Recreational fishing is the noncommercial fishing activity which exploits fish for recreation, sport and tourism.
"Catch and release", in which the fish are released into the sea after capture is, according to the Spanish Confederation of Responsible Recreational Fishing, an ethical and responsible attitude. It is considered this way because, despite not using the fish for consumption or trade, it is returned to the water alive.
However, several studies have shown that in fact the fish "released" after being caught in this type of activity can have a mortality rate of 40%, depending on the species and the instruments used to capture it. Fishing with bait is more deadly than fishing with "fly" as the fish swallows the bait with the hook and that results in lacerations and internal bleeding.
The fish that are caught and released may die for several reasons, but the two main causes are stress and injuries.
• Stress results from the resistance posed by the animal. Internally, the physical effort will produce a deficit of oxygen in the tissues, which forces the muscles to function without oxygen causing lactic acid build up which then goes into the blood. This causes changes in blood pH, abnormal metabolic processes and ultimately death. Sometimes it seems that the animal is alive when you release it, but the chemical imbalance in their blood can kill even three days after being captured.
• The other major cause of death is injuries from hooks. These range from very mild to fatal. The highest mortality occurs in fish that are hooked through the gills or stomach. The hooks that use bait are the ones most likely to get stuck in these body parts.
• Other factors that adversely affect the fish are exposure to air, higher surface water temperature and excess manipulation. The physiological stress results in an elevation of corticosteroid hormones that, in many cases, inhibit reproductive processes therefore affecting populations and posing a threat to conservation.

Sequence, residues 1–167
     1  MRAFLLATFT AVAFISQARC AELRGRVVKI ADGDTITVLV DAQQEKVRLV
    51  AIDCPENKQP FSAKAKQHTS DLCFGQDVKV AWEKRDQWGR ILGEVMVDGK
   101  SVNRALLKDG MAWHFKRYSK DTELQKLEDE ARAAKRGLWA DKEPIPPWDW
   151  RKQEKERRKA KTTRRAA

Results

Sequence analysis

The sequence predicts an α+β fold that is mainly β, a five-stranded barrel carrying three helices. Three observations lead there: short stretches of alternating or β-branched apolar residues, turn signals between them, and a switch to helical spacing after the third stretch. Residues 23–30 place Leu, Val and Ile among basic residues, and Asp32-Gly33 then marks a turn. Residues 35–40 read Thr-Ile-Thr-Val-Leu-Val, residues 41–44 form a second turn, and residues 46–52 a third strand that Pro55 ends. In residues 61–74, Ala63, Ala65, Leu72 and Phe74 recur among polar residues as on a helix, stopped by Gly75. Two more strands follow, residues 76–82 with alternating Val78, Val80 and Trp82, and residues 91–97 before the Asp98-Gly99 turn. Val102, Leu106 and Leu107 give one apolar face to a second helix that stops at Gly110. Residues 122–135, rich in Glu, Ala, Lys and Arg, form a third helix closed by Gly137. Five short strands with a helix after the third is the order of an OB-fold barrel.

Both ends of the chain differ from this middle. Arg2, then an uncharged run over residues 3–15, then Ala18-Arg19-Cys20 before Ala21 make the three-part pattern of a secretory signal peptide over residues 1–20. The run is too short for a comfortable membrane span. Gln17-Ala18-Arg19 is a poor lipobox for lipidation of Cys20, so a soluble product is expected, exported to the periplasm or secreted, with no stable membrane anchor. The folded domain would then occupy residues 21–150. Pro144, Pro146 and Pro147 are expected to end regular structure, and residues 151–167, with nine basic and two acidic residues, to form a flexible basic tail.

• Pressure changes as the animals are brought up to the surface can cause their swim bladders which control their buoyancy to over inflate.
• The handling and body contact of the fish with dry surfaces, such as nets, can remove layers of mucus from their bodies making them more prone to bacteria and other pathogens that infect their skin.
In addition to mortality and physiological (and behavioral) changes which result of recreational fishing, we must take into account the animals’ ability to feel pain. And there are many scientific studies devoted to investigating whether fish are capable of feeling pain: it is known that fish have a nervous system just like other vertebrates, although with a more basic brain compared to that of mammals as they do not have a neocortex. This lack of neocortex has led many scientists to conclude that the fish can not suffer in the same way as humans, but they all agree that they can indeed perceive painful stimuli and learn to avoid them.
Therefore, fish (with different levels of perception depending on species) can feel pain but although its not proven that they can "experience" it the same way we do. Under the scientific basis that "absence of evidence is not evidence of absence", we must be careful when saying "it doesn’t hurt a fish to be fished."
One thing is clear, the fish feel discomfort when captured and struggle to escape.
In some countries, such as Norway, the law is being changed to prevent these activities as they are not in any way ethically defensible. They believe hunting and fishing should be aimed at obtaining food.
There is no argument to defend causing suffering to another being for the sole purpose of having fun.